In the wake of the disastrous Boer War, the British Government decided to create an intelligence agency. It later became MI5.
Author Nigel West has written a book about its early years – here he tells Stevie Gallacher The Honest Truth about the British Secret Service
What prompted the formation of the Security Service?
The Boer War was regarded as a complete disaster for the British military. A bunch of farmers in South Africa had run rings around what was arguably the best and most disciplined military force in the world, which was the British Army.
The committee investigating the matter found that, to everyone’s horror, there was no secret service. Before that, everyone thought there was one.
In 1909, the decision was taken by the cabinet to create a secret service bureau.
Who was responsible for its creation?
Vernon Kell, an asthmatic journalist who was a part-time correspondent and had covered the Boxer Rebellion in China.
He was not fit enough for frontline duties, so he was chosen to run the home department of the Secret Service bureau, which became MI5.
What was its early goal?
There was a concern the German Kaiser was putting agents into England, and there were a lot of scare stories in the media about German spies and espionage. The Secret Service’s first job was to investigate rumours and allegations of espionage.
They would look at things like German servants employed by British admirals, or reports of German tourists sketching British warships.
The problem was that drawing battleships in dock wasn’t illegal at the time. MI5 had to lobby Parliament to have it made part of the Official Secrets Act.
How difficult was it to find information on the early Security Service?
MI5 told me to go to hell! They told me the only the only reason for me to contact them was if I had acquired any sensitive information, and they were confident that during the course of my research I wouldn’t be able to find anything. They subsequently asked for 186 changes.
How nasty was our early Security Service?
This was a very gentlemanly exercise. We had to behave well to these German naval officers who were making sketches of British naval establishments because we were doing precisely the same.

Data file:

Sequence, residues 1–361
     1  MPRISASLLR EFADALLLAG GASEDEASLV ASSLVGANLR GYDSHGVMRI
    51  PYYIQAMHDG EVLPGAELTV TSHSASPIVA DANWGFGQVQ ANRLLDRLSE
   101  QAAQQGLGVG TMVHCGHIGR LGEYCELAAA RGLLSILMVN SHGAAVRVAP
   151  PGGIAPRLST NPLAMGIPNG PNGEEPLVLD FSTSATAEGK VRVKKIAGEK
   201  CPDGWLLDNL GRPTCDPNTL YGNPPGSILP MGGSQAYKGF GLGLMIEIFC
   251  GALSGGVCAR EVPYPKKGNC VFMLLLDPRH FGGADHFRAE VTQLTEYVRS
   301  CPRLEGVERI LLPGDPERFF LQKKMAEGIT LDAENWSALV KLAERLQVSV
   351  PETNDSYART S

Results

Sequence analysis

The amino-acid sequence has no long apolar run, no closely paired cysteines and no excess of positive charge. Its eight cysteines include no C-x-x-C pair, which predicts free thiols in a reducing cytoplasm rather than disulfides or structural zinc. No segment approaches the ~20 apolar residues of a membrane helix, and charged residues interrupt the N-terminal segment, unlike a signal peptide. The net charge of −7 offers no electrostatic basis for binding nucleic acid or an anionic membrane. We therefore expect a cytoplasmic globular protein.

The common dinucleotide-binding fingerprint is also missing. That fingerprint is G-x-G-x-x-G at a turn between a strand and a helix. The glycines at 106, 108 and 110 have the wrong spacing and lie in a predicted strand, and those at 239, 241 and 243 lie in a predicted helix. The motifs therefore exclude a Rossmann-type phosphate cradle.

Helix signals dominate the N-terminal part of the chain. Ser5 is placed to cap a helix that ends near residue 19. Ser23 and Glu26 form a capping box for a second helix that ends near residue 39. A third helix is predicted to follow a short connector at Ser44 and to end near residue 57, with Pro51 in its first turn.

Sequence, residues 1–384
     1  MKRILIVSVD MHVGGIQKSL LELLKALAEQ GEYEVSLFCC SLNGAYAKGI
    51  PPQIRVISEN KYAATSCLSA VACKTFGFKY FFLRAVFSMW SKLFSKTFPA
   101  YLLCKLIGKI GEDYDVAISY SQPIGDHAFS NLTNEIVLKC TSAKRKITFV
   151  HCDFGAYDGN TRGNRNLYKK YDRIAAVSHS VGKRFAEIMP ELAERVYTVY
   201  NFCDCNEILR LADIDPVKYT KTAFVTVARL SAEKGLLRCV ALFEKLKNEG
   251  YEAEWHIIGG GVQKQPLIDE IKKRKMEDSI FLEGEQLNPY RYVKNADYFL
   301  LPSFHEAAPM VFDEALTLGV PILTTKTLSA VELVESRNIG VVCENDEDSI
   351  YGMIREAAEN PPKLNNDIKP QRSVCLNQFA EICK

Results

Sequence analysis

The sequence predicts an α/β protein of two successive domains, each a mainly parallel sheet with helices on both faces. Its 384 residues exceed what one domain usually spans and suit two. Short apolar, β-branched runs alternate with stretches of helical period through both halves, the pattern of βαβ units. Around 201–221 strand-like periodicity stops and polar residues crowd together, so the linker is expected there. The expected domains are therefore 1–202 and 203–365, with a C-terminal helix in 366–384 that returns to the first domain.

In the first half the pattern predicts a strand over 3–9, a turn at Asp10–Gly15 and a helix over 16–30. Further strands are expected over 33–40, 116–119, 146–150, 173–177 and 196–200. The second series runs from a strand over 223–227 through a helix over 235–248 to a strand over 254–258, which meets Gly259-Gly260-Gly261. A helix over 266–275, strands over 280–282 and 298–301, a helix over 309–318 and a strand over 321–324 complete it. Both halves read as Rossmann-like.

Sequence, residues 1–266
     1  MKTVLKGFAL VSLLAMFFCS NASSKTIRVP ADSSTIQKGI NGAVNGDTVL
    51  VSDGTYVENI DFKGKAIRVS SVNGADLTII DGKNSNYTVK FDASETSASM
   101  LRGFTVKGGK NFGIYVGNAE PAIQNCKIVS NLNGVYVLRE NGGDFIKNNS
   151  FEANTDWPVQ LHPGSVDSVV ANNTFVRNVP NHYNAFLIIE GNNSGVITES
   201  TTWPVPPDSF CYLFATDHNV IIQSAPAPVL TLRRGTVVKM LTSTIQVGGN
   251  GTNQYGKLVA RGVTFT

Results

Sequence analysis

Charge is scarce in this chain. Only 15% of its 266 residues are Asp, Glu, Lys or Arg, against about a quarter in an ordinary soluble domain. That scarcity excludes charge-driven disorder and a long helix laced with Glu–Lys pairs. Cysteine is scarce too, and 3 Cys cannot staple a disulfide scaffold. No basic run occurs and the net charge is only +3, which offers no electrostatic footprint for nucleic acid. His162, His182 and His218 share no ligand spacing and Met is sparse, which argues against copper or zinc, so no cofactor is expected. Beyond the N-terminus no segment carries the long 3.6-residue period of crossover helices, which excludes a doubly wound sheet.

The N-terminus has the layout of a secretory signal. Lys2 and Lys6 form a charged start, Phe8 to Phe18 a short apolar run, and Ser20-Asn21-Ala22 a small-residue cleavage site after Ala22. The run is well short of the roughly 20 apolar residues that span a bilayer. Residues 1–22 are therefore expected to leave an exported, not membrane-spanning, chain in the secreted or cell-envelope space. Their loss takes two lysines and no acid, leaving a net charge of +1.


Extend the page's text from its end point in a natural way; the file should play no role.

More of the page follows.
There was a certain element of reciprocity.
We treated the German officers with dignity, to ensure good treatment of our officers.
Does this practice survive today?
Yes, generally – although if you look at the recent Skripal case that was very unusual. For the Russians to come after somebody who has been resettled in the west is unusual, even during the Cold War, when they tended not to indulge in assassinations.
Did MI5 have any particularly fearsome interrogators?
Lieutenant Colonel Robin Stephens was nicknamed Tin Eye, because he wore a steel-rimmed monocle. He terrified people.
I met one agent who went through “The Board”. The naked subject would be brought before three men sitting behind a green baize table. There would be a woman present, taking notes. Stephens would tell them they had all the information needed, so they had better start talking otherwise they’d be hanged in the morning.
What were some of its biggest successes during the Second World War?
MI5 created an entirely fictional double agent who supposedly lived in a home overlooking the Mersey, and could observe all the shipping. This information was fed to the Germans, but eventually MI5 killed him off. They arranged for an obituary to appear in the local newspaper, and sent it to German intelligence. They were so convinced the fake agent was real, they wrote to his widow and offered her a pension.
MI5: British Security Service Operations 1909-1945 by Nigel West is out now
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